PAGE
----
# The position of two particles on the $x$-axis are $x_1 = \sin t$ and $x_2 = \sin \left(t + \frac{\pi}{3}\right)$

The position of two particles on the $x$-axis are $x_1 = \sin t$ and $x_2 = \sin \left( t + \frac{\pi}{3}\right)$

(a) At what time(s) in the interval $[0,2\pi]$ do the particles meet?

(b) What is the farthest apart that the particles every get?

(c) When in the interval $[0,2\pi]$ is the distance between the particles changing the fastest?

I am studying for the AP Calculus BC exam and this is a problem out of the Calculus Problem book. I know the answers: (a) $\frac{\pi}{3}, \, \frac{4\pi}{3}$ (b) 1 (c) $\frac{\pi}{3}, \, \frac{4\pi}{3}$

I am have trouble with (a)

I rewrote $$\sin\left(t + \frac{\pi}{3}\right) \Rightarrow \frac{\sqrt{3}}{2}\sin t + \frac{1}{2}\cos t$$

I get this which I can't seem to solve for the answer given:

$$\left(2 - \sqrt{3}\right)\sin t = \cos t$$

For part (b), I would maximized the distance formula. $d(x)=\sqrt{x_1^2 + x_2^2}$

Set the 1st derivative to zero and use the 2nd derivative test to find the max.

for part (c) I would find the maximum of $d^{\prime}(x)$

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I think for a you could do sin t = sin (t + (pi/3)) and then solve for t. –  Link Nov 18 '12 at 14:58
@link, that is what I am trying to do, but its not working out. –  yiyi Nov 18 '12 at 14:59

(a)

For coincidence, $\sin(t+\frac{\pi}3)=\sin t$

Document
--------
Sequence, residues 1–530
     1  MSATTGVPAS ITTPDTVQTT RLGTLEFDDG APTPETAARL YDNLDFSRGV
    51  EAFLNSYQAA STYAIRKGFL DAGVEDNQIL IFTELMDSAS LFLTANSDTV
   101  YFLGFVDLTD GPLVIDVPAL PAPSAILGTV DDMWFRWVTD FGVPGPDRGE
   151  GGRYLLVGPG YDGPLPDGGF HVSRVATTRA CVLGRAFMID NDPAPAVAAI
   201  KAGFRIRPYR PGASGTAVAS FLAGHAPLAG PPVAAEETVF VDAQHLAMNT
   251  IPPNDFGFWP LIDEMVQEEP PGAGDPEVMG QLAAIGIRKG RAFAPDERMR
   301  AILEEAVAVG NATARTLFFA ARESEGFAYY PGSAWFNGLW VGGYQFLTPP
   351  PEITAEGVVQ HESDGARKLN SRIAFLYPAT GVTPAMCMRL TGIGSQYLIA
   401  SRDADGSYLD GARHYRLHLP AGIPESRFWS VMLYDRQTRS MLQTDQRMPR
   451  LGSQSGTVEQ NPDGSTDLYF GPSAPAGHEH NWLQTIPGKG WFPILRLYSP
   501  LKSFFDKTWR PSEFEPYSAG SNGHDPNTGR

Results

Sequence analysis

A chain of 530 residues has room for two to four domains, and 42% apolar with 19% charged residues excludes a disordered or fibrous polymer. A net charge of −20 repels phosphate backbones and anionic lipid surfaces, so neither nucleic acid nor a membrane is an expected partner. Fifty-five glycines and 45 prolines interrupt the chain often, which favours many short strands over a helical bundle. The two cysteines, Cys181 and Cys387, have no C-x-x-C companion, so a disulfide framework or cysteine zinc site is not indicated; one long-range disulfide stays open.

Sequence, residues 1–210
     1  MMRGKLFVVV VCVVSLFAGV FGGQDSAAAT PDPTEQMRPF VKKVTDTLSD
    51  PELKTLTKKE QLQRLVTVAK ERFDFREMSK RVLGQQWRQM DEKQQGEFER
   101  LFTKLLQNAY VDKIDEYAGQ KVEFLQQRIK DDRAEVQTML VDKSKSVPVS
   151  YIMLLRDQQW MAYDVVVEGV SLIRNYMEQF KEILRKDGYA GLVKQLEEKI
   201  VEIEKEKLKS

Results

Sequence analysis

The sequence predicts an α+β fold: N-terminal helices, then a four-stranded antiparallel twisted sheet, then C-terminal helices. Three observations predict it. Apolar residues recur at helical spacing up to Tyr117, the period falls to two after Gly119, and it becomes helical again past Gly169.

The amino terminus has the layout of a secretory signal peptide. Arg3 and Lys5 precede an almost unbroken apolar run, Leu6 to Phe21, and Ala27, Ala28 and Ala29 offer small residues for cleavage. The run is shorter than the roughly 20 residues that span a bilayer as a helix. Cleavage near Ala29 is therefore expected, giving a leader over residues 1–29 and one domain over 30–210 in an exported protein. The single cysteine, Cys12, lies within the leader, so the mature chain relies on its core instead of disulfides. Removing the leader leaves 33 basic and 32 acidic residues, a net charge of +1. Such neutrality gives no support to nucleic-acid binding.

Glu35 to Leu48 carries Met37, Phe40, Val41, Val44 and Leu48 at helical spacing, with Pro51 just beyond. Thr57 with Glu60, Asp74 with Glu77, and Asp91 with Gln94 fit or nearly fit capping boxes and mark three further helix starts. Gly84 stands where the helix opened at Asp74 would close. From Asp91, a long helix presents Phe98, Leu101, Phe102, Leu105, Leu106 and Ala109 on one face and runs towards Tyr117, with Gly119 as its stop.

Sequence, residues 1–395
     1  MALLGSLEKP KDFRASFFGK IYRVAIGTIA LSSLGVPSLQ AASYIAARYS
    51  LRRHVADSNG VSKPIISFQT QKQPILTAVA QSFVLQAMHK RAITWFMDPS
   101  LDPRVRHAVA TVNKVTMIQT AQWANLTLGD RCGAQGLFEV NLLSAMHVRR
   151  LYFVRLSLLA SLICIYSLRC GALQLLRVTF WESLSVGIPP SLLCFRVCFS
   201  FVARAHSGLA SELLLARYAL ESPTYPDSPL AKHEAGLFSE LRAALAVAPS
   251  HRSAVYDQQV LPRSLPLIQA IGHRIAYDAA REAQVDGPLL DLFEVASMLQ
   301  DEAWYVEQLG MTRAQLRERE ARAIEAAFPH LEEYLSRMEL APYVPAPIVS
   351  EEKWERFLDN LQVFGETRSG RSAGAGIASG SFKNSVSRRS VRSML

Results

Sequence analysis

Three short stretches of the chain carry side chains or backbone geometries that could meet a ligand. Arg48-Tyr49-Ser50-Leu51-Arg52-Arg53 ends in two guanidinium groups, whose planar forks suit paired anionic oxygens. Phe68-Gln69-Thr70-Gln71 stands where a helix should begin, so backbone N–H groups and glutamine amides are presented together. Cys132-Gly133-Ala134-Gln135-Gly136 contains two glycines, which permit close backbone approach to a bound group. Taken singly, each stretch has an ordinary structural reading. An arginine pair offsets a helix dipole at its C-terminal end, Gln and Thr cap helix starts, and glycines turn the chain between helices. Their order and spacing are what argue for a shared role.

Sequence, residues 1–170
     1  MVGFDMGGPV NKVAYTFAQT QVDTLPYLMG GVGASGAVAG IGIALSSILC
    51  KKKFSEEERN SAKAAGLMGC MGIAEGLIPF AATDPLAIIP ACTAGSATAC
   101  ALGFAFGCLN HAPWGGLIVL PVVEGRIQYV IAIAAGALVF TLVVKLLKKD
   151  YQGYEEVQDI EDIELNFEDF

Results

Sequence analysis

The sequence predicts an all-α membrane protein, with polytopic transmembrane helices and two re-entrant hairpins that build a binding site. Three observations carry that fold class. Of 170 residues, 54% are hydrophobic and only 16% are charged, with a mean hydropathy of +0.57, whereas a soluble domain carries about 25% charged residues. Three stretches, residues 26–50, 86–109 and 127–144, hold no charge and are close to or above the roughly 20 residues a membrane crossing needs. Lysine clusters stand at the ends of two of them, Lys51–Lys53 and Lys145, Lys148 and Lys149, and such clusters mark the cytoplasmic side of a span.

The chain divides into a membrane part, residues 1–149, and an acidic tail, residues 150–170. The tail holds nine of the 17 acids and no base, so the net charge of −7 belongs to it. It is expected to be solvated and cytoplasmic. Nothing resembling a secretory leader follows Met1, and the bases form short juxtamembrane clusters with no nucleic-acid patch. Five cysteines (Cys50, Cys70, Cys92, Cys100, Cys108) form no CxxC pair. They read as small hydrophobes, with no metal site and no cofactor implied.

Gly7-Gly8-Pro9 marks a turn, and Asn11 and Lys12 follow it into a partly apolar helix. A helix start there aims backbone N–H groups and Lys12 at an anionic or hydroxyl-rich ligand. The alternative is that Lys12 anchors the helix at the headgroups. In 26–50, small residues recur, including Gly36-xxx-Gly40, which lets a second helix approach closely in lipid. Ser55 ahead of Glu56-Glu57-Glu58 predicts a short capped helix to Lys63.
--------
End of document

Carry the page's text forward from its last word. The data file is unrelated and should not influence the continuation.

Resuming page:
So, $t+\frac{\pi}3=n\pi+(-1)^nt$ where $n$ is any intgere.

If $n=2m$(even), $t+\frac{\pi}3=2m\pi+t\implies 2m\pi=\frac{\pi}3$ which is impossible.

If $n=2m+1$(odd), $t+\frac{\pi}3=(2m+1)\pi-t\implies t=(6m+2)\frac{\pi}6=\frac{(3m+1)\pi}3$

Putting $m=0,t=\frac{\pi}3$

Putting $m=1,t=\frac{4\pi}3$

(b) We need to maximize $\mid\sin(t+\frac{\pi}3)-\sin t\mid$

Now, $\sin(t+\frac{\pi}3)-\sin t=\sin t(\cos \frac{\pi}3-1 )+\cos t \sin\frac{\pi}3=\sin(\frac{\pi}3-t)$

So, the distance will be maximum if $\sin(\frac{\pi}3-t)$ is minimum/maximum. But $-1\le \sin(\frac{\pi}3-t)\le 1$

So, the distance will be maximum $(=1)$ if $\sin(\frac{\pi}3-t)=\pm1\implies \cos(\frac{\pi}3-t)=0\implies \frac{\pi}3-t=(2r+1)\frac{\pi}2,t=\frac{\pi}3-(2r+1)\frac{\pi}2$ where $r$ is any integer.

(c)The change of distance=$$\mid\frac{d\{\sin t-\sin(t+\frac{\pi}3)\}}{dt}\mid=\mid\cos t-\cos(t+\frac{\pi}3)\mid$$

Now, $\cos t-\cos(t+\frac{\pi}3)=\cos t(1-\cos\frac{\pi}3)-\sin t\sin \frac{\pi}3=\cos(t+\frac{\pi}3)$

For the distance between the particles changing the fastest,

$\cos(t+\frac{\pi}3)=\pm 1$ as $-1\le \cos(\frac{\pi}3-t)\le 1$

$\implies \sin(t+\frac{\pi}3)=0$ $\implies t+\frac{\pi}3=s\pi$ where $s$ is any integer.

So, $t=s\pi-\frac{\pi}3$

Putting $s=0,t=-\frac{\pi}3$ which is not $[0,2\pi]$

Putting $s=1,t=\frac{2\pi}3$

Putting $s=2,t=\frac{5\pi}3$

Putting $s=3,t=\frac{8\pi}3>2\pi$ so is not acceptable.

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Awesome answer, but how did you find So, t+π3=nπ+(−1)nt where n is any intgere. –  yiyi Nov 18 '12 at 15:07
@MaoYiyi, this is standard formula of $\sin A=\sin B, A=n\pi+(-1)^B$, I'm trying to share a proof.But have you verified your the answers of $(c)$? –  lab bhattacharjee Nov 18 '12 at 15:10
could you also explain $\sin(t+\frac{\pi}3)-\sin t=\sin t(\cos \frac{\pi}3-1 )+\cos t \sin\frac{\pi}3=\sin(\frac{\pi}3-t)$ –  yiyi Nov 18 '12 at 15:14
@MaoYiyi, $\sin(t+\frac{\pi}3)-\sin t=\sin t\cos \frac{\pi}3+\cos t \sin \frac{\pi}3-\sin t=\sin t(1-\cos \frac{\pi}3)+\cos t \sin \frac{\pi}3$ –  lab bhattacharjee Nov 18 '12 at 15:17
@MaoYiyi, As $\sin A=\sin B\implies A=2m\pi+B$ or $A=2m\pi+\pi-B$ as $\sin(\pi-C)=\sin C$ –  lab bhattacharjee Nov 18 '12 at 16:23